O'Keeffe cited many examples of corporate sponsors paying high fees to mingle with high-level government officials at dinners, conferences, educational forums and trade shows.

"There is a clear precedent for government executives participating in private sector, sponsor-funded initiatives," O'Keeffe said, referring to the FOSE trade show and other events owned by PostNewsweek Tech Media.

However, Jan Baran, senior partner in Wiley, Rein and Fielding in Washington and an expert in government ethics, said the events named by O'Keeffe -- dinners, trade shows, conferences and such -- are clearly owned and operated by private business interests, even though they may include government officials as participants. In contrast, the CISO Exchange was to be headed by two federal officials, he said.

Federal officials may give a speech or attend a conference with private industry sponsors, but under most government ethics rules, "they cannot run an organization like this," Baran said. "It sounds like this organization was created with an expectation that the congressional and government officers would be running it. It was wrongly structured."

Marin, asked about the ethics rules, said Davis believed the exchange was to be an "informal" group and became "uncomfortable," ultimately dropping out when the CISO Exchange's structure was announced.

As for the CIO Council, it "never en-dorsed or co-chaired the CISO Exchange," said Council Vice Chairman Matthews.

Shortly before the CISO Exchange fell apart, some of the federal officials involved approached the Industry Advisory Council to investigate the possibility of setting up a CISO partnership with that group. No formal proposal was advanced to the council, however, Woods said.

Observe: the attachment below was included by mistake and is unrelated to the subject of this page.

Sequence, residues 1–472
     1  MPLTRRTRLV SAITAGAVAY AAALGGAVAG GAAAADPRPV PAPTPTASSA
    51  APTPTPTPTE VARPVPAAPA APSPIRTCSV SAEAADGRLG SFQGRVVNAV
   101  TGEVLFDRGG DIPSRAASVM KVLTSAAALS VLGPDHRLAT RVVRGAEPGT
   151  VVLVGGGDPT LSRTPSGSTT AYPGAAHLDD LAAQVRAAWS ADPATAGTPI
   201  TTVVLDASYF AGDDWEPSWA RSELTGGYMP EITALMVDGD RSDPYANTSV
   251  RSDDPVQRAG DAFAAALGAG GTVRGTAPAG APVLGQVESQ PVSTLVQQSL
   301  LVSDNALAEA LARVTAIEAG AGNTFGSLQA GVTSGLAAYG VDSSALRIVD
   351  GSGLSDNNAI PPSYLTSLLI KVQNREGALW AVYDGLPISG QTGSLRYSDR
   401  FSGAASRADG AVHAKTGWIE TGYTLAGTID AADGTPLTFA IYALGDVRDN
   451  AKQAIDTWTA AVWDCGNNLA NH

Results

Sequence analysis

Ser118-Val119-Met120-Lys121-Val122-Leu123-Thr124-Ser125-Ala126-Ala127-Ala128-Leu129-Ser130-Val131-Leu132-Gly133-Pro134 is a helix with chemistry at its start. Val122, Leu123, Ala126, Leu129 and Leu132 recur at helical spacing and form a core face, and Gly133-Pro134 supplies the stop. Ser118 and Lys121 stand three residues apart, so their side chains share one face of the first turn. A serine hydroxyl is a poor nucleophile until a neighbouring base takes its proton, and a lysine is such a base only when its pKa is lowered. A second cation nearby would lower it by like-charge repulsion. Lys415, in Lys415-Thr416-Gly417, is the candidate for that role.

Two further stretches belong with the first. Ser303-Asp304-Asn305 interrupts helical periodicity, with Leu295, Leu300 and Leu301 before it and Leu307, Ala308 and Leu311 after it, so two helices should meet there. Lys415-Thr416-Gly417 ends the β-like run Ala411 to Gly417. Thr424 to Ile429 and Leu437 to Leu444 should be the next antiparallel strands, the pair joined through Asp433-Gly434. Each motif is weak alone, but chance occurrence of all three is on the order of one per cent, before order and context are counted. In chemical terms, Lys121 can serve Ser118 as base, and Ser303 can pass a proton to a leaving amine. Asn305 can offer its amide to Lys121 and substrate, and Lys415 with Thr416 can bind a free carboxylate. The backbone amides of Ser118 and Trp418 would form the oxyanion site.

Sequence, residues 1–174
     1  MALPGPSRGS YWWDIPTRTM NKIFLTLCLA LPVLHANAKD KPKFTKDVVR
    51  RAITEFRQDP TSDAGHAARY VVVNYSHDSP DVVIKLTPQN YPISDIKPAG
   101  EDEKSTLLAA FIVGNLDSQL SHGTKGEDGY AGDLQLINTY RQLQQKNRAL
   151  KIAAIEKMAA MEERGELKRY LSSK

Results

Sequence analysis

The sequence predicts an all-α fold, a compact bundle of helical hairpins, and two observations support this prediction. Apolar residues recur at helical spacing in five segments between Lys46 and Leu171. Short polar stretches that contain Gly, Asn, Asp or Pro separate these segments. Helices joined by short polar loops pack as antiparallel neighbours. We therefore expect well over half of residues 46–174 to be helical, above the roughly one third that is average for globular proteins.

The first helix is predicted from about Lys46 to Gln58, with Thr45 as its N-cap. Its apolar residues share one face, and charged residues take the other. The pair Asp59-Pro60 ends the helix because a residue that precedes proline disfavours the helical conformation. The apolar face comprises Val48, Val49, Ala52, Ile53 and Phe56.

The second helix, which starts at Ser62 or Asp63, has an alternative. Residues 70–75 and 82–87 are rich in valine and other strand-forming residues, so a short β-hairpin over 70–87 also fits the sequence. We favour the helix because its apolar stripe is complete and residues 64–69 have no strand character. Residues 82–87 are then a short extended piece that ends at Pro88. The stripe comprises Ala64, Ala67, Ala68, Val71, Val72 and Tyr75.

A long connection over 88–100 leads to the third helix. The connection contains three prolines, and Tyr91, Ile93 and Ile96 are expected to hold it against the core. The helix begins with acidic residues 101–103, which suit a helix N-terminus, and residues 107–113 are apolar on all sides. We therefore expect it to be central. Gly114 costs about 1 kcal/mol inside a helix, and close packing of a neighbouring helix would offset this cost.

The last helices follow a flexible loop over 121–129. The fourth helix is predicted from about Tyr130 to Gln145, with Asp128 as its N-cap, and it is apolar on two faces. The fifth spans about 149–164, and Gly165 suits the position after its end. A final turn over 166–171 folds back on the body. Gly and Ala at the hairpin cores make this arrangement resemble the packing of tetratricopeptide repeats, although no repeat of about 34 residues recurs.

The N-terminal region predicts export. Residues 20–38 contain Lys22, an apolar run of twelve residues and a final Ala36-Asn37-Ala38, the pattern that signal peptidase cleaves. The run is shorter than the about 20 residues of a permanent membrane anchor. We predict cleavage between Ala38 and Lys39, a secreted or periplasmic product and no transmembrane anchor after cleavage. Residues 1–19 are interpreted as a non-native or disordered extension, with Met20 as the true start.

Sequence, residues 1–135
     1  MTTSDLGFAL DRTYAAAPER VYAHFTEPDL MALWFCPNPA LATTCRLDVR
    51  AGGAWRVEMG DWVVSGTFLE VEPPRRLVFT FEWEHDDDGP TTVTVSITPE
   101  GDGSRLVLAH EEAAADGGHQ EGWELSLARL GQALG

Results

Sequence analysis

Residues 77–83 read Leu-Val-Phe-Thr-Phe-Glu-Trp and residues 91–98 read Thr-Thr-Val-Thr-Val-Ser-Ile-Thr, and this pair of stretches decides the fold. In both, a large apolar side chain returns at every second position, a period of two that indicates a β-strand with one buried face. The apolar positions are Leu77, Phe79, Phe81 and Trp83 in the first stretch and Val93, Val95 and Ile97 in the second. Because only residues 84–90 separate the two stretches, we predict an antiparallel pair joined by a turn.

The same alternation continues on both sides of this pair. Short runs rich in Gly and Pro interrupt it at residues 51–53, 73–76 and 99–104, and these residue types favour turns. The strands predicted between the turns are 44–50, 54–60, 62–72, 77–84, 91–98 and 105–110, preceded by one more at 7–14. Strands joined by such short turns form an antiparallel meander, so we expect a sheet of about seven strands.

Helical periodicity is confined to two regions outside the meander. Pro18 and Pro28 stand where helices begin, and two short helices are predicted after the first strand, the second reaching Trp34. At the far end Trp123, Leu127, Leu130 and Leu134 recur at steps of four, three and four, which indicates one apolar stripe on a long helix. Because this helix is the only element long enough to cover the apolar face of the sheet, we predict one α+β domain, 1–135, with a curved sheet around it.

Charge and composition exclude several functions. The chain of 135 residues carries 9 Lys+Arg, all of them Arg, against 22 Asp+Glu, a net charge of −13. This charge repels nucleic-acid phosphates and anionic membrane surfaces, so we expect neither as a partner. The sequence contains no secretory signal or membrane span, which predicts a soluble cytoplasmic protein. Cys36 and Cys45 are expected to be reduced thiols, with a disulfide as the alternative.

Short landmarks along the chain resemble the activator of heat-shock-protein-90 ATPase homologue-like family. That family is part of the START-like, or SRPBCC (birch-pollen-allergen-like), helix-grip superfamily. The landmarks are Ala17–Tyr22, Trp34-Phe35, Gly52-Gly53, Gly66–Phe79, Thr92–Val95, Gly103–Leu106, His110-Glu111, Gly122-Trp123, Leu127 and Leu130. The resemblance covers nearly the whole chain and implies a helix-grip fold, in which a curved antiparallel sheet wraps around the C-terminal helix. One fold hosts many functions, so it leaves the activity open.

"The ball is in the CIO Council's court," he said.

But nothing looks to be happening immediately. The CIO Council is working with its own Best Practices Committee to "restructure" a forum for its CISOs, Matthews said April 29. At this time, the CIO Council is not negotiating with any private sector groups or individuals, he said.

Asked what went wrong with the exchange, Matthews said: "The CISO Exchange was structured, as originally proposed, with limited membership. That structure gave the perception of impropriety."

In the weeks following the demise of the CISO Exchange, the CIO Council began re-examining its private sector relationships.

"In the coming months, the Council will be crafting guidance to ensure that these relationships provide for close interaction between business and government while providing a clean and competitive environment for all," Karen Evans, council director and administrator of IT and e-government for the Office of Management and Budget, wrote in an e-mailed statement.

Davis also is open to ideas about forming another exchange for federal CISOs, but there is no specific proposal at this time, Marin said. While Davis "still supports the goal" of the CISO Exchange, he was uncomfortable with the group's structure and fees, Marin said.

Although O'Keeffe has dismantled the exchange, he continues to defend the group's fees and organization.

"It's a pity this program has folded," he said. "There needs to be a bright line on what is appropriate and what is not appropriate."

Staff Writer Alice Lipowicz can be reached at alipowicz@postnewsweektech.com. PostNewsweek Tech Media Staff Writers Wilson Dizard, Roseanne Gerin, Jason Miller and Patience Wait contributed to this story.

Reader Comments

Please post your comments here. Comments are moderated, so they may not appear immediately after submitting. We will not post comments that we consider abusive or off-topic.

Please type the letters/numbers you see above

What is your e-mail address?

My e-mail address is:

Do you have a password?

Forgot your password? Click here
close
SEARCH
 Top 100 Slideshow
contracts DB

Trending

  • Dive into our Contract Award database

    In an exclusive for WT Insider members, we are collecting all of the contract awards we cover into a database that you can sort by contractor, agency, value and other parameters. You can also download it into a spreadsheet. Read More

  • Is SBA MIA on contractor fraud? Nick Wakeman

    Editor Nick Wakeman explores the puzzle of why SBA has been so silent on the latest contractor fraud scandal when it has been so quick to act in other cases. Read More

Webcasts